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Showing posts from September, 2020

SFF Music Video of the Week #59

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The duo that is behind this video I first ran into on the sadly missed Amie Street. These days Bandcamp fills a similar role.  This is a particularly cool animation for one of their earlier tracks, featuring a wonderful story, and an amazing transition between the walls of reality.I hope you all enjoy "Stay in My Memory", by BIM from 2007. 

A wee bit of fun, and a minor traffic dispute...

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Quintessentially British humour here...   
Discovered thanks to BoingBoing.

SFF Music Video of the Week #58

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Skipping back to the near-present, let's turn our attention to a little number from Greece. This was going to be the Greek entry into the 2020 Eurovision Song Contest - but then The 19 happened. Still, it did produce this fun and telling little video. Super powers, (implied) segregation, xenophobia, and a couple of kids who might just make it right. Heady stuff for a Eurovision entry!I hope you enjoy "Supergirl" by Stefania, from 2020.

SFF Music Video of the Week #57

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Back to 1999, and one that I am sure is going to have some folks convinced that I've gone even further off the deep end.Let's take on the music first - it is a fairly basic boy-band dance track (technically R&B - believe it or not), typical of the late 90s.  Very slick sound production, but could pretty much be a drop in replacement for any number of other tunes. The  surprisingly clever lyrics are another kettle of fish. The song itself is essentially a fan shout-out - a thank-you note from the band itself. The central message being that the music industry is a major drag, but that the fans are the ones who make it worthwhile. (More recently Lady Gaga recorded a similar sentiment in "Applause".)The video is (to say the least) over the top. Giant spaceship, synchrodancing robots, hoverboard dodgeball against a holographic opponent, space fighter battles, and the obligatory mass dance scene. And yet, it still somehow makes a story out of it all (mostly), and the c…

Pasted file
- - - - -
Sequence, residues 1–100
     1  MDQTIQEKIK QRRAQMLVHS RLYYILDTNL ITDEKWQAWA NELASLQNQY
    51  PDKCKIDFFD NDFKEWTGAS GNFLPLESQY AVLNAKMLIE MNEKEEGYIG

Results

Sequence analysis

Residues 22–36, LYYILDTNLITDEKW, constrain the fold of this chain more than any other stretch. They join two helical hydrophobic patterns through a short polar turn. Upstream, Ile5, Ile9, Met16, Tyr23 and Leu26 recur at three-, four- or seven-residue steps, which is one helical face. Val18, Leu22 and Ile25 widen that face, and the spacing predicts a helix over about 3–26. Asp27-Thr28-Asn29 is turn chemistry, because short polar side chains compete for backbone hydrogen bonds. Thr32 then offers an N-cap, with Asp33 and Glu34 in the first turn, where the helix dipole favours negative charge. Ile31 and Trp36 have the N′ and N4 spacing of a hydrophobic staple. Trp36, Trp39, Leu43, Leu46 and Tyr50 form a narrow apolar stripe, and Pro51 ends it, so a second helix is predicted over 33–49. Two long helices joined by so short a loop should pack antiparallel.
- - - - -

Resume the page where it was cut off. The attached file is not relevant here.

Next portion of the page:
SFF Music Video of the Week - #56

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So let's head back to 2000, and an Aussie band who were probably just a few years ahead of their time.  Possibly the most interesting thing to ever come out of Canberra, B(if)tek were a synthpop duo from before synthpop was really popular.  Recording from 1994 to 2003, they released three albums - and this is from the second, the (now) ominously titled "2020". Have a watch of the strangely prophetic "Machines Work", by B(if)tek from 2000, and think about the increasing roles of AI in our world, and how many of these 'AI's are actually mechanical turks.